Then there was Al B. Sure!,* to whom Bowie generously gave the opening verse and who got many of the song’s allegedly dramatic moments (and who handled the lion’s share of the high notes, like the peak A-flat on “Lord Lord” in the bridge). Sure!’s performance is ultimately a blank, with little sense of personality imparted. As Bowie said he spent ages coaching Sure! as to how he wanted the vocals to sound, it’s possible that Bowie just shoehorned him in too tightly. It didn’t help that Sure! was given lines like “I’ve got a face, not just my race.

The latter line is in the bridges, which were apparently meant to be the emotional peaks of the song, with the two singers facing off on a street as though it’s the last minutes of Reservoir Dogs. But whatever nuance and fatalism Bowie tried to impart in his lyric is rubbished by the vocals, which border on the comical (“you won’t kill me! you won’t kill me NO!” or Bowie’s singsong “I won-der WHY, I wond-er WHY“) and was finished off by Rodgers’ production, with its swooning high synth lines and occasional murmurs of Bowie’s saxophone.

The break (starting at 2:29) has the best singing on the track, in service of the song’s apparently straight-faced “We Are the World” moment, the cynicism giving way to a heartfelt plea for togetherness. Bowie said that he didn’t want to make another “Ebony and Ivory,” that his song was meant to be a bitter riposte to such treacle, but maybe that’s all he really had in him.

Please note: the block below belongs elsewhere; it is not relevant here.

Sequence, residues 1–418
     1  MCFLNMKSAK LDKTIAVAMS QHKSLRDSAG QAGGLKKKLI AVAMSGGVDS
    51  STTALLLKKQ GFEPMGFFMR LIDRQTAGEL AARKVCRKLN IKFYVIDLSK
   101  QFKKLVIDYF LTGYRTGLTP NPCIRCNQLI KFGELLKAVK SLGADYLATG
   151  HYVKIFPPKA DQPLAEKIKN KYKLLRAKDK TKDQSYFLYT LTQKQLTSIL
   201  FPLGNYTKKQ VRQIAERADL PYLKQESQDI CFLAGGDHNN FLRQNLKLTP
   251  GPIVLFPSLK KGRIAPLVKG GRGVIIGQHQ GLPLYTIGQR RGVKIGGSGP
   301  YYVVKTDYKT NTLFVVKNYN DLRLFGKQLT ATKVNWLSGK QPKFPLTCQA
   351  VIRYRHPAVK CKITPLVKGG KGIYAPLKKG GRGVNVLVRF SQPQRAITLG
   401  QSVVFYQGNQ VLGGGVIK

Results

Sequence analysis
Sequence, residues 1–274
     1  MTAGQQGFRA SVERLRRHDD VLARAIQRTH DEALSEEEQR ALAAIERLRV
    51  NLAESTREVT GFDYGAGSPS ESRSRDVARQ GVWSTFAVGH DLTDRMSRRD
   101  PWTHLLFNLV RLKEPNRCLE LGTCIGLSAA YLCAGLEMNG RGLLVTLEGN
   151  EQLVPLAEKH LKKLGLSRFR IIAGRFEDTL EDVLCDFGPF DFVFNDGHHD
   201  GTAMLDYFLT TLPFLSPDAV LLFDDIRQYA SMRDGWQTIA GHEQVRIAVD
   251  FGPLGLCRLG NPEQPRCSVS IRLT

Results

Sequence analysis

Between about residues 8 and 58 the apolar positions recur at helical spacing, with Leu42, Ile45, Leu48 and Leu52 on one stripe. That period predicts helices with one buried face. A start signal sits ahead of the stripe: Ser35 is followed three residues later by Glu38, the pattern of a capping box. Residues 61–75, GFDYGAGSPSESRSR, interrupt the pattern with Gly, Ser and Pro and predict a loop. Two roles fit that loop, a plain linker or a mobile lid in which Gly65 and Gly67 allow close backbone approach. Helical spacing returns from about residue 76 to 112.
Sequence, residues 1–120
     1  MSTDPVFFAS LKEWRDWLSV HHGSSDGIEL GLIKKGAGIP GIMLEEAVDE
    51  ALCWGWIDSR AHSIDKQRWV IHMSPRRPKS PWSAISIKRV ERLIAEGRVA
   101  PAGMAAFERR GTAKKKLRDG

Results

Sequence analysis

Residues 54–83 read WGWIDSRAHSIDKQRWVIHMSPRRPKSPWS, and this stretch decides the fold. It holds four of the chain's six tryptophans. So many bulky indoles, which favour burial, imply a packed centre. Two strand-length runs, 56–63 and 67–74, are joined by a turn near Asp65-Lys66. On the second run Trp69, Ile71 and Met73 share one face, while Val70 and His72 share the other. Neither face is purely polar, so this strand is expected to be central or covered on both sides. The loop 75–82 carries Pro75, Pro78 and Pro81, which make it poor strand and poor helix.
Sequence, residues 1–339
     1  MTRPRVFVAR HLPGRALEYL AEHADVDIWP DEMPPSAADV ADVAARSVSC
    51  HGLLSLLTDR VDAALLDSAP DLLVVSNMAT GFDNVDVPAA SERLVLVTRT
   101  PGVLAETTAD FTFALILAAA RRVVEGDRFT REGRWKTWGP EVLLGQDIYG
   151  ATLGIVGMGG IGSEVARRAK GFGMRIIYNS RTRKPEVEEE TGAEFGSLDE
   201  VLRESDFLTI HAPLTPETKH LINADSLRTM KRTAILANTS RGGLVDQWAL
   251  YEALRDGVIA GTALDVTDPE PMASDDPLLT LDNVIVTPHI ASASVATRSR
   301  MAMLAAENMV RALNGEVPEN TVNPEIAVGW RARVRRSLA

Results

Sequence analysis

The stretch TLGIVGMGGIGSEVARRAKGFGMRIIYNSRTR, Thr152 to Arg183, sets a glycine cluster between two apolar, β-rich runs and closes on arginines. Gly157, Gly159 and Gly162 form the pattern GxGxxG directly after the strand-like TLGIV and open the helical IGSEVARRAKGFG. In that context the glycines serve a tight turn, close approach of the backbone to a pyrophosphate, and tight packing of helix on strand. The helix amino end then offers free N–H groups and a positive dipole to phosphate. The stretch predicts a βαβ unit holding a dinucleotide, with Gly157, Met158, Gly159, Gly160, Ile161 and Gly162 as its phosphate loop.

Recorded ca. summer-fall 1992, Mountain Studios, Montreux and/or Power Station, NYC. Released as the second single from the record it titled, (Arista/BMG 74321 (#36 UK)). Some 15-plus remixes were made of this song! Please see the Illustrated DB site’s entry for a complete breakdown. Of the mixes linked above, the “3rd Floor” mix was first issued on a promo CD for US radio and later was included on the BTWN reissue; the “club mix,” the Extended Remix and the Here Come da Jazz mixes (the latter uses Bowie’s “crankin-out” coda chant as its central hook) were on the UK 12″ promo (BLACK 1), with the latter included on the BTWN reissue.

* Sure!, a man with one of the more ridiculous stage names in pop history, was an occasional chart presence at the turn of the Nineties, with one top 10 hit (“Nite and Day”) and a few R&B #1s (“Off on Your Own,” “Right Now”). By the time “Black Tie” was released in late ’93, he was cooked: he didn’t release another LP or single until 2009.

Top: Dark Sevier, “Los Angeles,” April 1992.